Police information on 'Islamic extremist' must be revealed for child care case
Home Office officials have been ordered to pass on "highly sensitive" police information about an "Islamic extremist" whose child is at the centre of family court litigation.
Social services bosses in the London Borough of Tower Hamlets launched care proceedings in the Family Division of the High Court in London after discovering that the child's father was thought to have fought with an extremist group in Syria.
A High Court judge overseeing private family court hearings has told Home Secretary Amber Rudd to disclose police information so that it can be analysed by lawyers involved in the care proceedings.
Mrs Justice Pauffley said any family court judge asked to make decisions about the child's future would need "any information" about extremist or radicalised conduct by adults in the child's family.
Detail of the disclosure order has emerged in a written ruling published by Mrs Justice Pauffley following the latest round of litigation.
The judge did not identify the family involved.
She said Tower Hamlets Council social workers were currently supervising the child's care.
Mrs Justice Pauffley said she had heard argument about the need for information disclosure from lawyers representing Tower Hamlets Council, the child's parents and the Home Office.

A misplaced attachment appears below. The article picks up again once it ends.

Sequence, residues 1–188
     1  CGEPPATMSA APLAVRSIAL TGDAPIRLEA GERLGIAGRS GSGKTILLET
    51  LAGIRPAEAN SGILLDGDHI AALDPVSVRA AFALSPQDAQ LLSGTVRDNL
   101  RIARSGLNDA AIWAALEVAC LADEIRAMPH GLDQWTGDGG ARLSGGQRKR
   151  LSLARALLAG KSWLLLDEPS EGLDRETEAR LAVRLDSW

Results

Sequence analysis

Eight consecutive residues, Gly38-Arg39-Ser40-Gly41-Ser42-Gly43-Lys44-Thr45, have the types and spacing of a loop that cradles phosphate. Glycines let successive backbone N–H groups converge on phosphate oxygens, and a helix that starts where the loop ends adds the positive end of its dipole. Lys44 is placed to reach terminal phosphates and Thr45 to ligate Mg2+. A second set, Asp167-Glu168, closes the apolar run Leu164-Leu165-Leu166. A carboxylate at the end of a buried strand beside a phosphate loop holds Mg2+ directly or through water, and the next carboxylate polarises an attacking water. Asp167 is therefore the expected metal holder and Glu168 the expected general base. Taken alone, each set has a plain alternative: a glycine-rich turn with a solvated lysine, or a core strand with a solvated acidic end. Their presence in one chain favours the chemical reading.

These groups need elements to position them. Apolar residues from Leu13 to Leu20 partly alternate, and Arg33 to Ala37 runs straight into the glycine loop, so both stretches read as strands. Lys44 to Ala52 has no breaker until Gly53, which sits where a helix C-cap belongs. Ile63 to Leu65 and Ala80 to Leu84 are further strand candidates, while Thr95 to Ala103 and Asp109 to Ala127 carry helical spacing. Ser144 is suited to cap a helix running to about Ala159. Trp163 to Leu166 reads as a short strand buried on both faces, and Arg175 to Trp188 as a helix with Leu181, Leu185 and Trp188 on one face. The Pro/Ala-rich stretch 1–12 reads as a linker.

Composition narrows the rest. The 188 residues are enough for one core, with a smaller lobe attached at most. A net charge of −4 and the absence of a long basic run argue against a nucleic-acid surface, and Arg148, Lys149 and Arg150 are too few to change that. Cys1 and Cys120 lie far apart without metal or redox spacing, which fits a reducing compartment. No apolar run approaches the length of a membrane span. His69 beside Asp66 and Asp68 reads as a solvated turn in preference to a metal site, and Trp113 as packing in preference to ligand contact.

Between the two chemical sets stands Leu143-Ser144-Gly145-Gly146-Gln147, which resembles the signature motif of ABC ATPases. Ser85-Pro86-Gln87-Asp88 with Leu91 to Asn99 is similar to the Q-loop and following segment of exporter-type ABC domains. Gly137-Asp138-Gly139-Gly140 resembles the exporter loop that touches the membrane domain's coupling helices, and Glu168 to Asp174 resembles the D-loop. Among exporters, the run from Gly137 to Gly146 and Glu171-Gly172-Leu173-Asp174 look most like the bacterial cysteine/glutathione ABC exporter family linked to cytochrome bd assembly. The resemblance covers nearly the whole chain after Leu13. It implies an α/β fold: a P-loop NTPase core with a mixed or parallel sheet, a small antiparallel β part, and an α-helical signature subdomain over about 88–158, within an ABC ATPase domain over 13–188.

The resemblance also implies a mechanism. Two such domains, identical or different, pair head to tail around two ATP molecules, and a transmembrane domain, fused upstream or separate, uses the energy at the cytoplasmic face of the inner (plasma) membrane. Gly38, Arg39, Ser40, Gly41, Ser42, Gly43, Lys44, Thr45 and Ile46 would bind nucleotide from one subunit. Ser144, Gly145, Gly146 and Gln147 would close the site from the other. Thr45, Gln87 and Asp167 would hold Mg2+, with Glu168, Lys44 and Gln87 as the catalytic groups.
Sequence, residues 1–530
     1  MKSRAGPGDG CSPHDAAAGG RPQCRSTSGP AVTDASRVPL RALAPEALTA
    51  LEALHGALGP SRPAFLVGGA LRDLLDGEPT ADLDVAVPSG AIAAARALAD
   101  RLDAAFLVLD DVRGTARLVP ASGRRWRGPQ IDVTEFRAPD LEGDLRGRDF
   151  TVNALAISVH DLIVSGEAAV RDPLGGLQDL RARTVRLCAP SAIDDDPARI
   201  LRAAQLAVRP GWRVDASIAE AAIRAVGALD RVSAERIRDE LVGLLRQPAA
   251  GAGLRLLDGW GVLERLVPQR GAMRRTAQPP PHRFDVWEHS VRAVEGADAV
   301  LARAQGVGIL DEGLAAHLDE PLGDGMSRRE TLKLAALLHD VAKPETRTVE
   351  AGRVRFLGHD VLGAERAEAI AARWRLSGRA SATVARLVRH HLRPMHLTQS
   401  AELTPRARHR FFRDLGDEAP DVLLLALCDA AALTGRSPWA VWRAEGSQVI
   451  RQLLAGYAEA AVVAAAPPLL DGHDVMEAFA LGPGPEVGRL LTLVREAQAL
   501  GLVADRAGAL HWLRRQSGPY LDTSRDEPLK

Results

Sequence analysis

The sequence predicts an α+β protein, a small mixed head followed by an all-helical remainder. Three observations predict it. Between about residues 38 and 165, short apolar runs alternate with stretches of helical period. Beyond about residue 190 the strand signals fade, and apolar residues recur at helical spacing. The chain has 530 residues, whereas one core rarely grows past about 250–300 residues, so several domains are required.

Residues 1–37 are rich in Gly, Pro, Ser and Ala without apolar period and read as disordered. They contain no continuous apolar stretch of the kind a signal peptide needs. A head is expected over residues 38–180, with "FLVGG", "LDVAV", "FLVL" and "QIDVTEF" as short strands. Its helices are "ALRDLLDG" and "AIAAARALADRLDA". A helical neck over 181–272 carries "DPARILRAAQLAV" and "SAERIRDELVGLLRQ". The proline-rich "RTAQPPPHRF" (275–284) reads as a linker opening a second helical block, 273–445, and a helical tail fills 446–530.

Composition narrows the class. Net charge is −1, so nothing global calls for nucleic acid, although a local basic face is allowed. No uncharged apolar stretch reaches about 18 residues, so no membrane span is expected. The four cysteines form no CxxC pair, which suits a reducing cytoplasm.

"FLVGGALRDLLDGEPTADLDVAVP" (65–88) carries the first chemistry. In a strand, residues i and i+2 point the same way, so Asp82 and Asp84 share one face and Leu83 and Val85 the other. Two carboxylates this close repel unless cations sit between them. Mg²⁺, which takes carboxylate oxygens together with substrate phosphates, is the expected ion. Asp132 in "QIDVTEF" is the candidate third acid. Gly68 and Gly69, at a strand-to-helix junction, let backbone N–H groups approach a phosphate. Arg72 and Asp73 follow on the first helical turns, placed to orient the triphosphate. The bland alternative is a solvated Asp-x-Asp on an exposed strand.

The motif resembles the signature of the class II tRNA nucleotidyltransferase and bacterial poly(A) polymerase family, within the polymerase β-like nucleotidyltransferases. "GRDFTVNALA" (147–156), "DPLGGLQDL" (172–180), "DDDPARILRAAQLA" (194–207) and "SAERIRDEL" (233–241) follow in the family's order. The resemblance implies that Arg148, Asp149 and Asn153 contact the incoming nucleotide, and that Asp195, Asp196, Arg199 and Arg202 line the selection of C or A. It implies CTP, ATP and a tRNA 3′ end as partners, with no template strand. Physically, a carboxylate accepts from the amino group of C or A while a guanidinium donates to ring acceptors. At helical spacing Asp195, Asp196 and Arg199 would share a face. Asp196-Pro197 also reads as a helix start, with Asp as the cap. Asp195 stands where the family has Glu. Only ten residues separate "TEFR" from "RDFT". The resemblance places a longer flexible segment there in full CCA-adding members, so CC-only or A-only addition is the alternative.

She said social services bosses and judges involved in the litigation had a "legitimate interest" in sensitive police material in Home Office hands.
A barrister representing Tower Hamlets Council told Mrs Justice Pauffley how social services bosses had decided that family court judges needed to make decisions about the child's future after being given some information about the father by Metropolitan Police counter-terrorism specialists.
Sarah Morgan QC told how information received suggested that the man was an "Islamic extremist" who had travelled to Syria in 2013 and 2015 and fought with an "Islamic extremist group".
Mrs Justice Pauffley said the child and the parents had a right to a fair family court trial.
The judge suggested that it would be difficult to ensure fairness if "highly sensitive" but relevant Home Office information about the family was not considered during the care proceedings.